International Society of Primerus Law Firms

Transferring Development Rights for Property

By: Michael Haviland
Earp Cohn P.C.
Philadelphia, Pennsylvania

New Jersey consistently ranks as the most densely populated state in the country. To better assist New Jersey’s municipalities with balancing the competing demands of accommodating the State’s ongoing growth and encouraging proper environmental and agricultural preservation, the State enacted the State Transfer of Development Rights Act, N.J.S.A. 40:55D-137 et al. (the “Act”). The Act authorizes municipalities to create programs for the transfer of a property’s development rights (“TDR”) to foster more socially conscious development.

But how do these TDR programs work and do the programs actually benefit the municipalities, developers, and property owners as the legislature intended?

Creating a TDR program requires several steps by the municipality before the program may be implemented including amending the municipality’s master plan to include several TDR program specific elements and preparing a real estate market analysis examining the relationship between the anticipated development rights generated by the sending zones and the development capacity of the receiving zones. A “sending zone” contains land where the municipality wants to restrict or prohibit development and is often agricultural, woodlands, or wetlands. A “receiving zone” contains land where the municipality wants to encourage development. Property located within a sending zone will have its development potential calculated into TDR credits, which the owner may sell to a third-party buyer. The TDR credits may then be used by the buyer for denser development in the receiving zone than would otherwise be permitted.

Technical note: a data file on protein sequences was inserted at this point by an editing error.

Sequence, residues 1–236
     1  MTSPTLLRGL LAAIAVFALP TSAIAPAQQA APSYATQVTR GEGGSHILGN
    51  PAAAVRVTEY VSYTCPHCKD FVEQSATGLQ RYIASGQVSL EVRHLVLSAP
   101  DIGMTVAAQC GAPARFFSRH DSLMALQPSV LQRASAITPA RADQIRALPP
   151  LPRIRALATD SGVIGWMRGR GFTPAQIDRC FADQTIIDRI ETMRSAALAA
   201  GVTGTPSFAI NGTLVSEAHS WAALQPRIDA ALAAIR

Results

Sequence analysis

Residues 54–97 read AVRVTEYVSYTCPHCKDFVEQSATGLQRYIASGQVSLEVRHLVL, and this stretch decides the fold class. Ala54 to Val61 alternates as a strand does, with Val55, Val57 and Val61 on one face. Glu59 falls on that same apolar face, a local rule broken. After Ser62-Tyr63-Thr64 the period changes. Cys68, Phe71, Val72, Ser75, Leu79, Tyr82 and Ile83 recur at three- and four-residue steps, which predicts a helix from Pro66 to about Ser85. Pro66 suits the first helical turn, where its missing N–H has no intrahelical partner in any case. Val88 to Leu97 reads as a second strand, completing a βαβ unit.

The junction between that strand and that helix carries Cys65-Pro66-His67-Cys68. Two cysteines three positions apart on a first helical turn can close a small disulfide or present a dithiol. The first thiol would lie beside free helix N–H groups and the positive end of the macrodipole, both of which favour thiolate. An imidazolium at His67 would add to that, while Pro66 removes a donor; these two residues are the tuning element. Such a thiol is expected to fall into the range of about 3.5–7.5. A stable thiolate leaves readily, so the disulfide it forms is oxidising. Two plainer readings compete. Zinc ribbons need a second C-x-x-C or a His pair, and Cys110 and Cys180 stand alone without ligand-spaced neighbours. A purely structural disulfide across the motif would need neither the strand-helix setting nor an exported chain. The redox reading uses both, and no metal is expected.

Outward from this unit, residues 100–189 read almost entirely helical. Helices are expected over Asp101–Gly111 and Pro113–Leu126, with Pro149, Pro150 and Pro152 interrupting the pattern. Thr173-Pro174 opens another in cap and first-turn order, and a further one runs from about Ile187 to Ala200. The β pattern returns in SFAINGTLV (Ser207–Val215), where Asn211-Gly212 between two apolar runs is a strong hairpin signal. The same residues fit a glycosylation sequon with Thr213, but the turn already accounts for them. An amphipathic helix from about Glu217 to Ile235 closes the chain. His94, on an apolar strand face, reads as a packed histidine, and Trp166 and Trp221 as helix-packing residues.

A sending zone property that has sold off its development rights will have new restrictions imposed on it. The scope of the sending zone property’s new restrictions varies based on each municipality’s TDR program, but will always impact the property’s future use, development, and resale value.

If an owner is looking to protect their land from development and intends to hold the land for a long period of time, participating in a TDR program is an excellent way to be compensated for refusing to develop the land while also significantly restricting the land’s future development. Owners considering future improvements to or selling their land, however, should carefully consider the tradeoffs of selling a property’s development rights.


The general information contained herein is intended for informational purposes only. It is not intended to be, and should not be construed as, legal advice or legal opinion on any specific facts or circumstances.

Find a Primerus Lawyer

Business Law News Consumer Law News Defense Law News International Business Law News

Primerus News Archive

  Select Month: Go

Find a Lawyer


Primerus Law Firms (A-Z) Primerus Lawyers (A-Z) Primerus Law Firms by Practice Area Primerus Law Firms by Location Primerus Law Firms by Language Map of Primerus Law Firms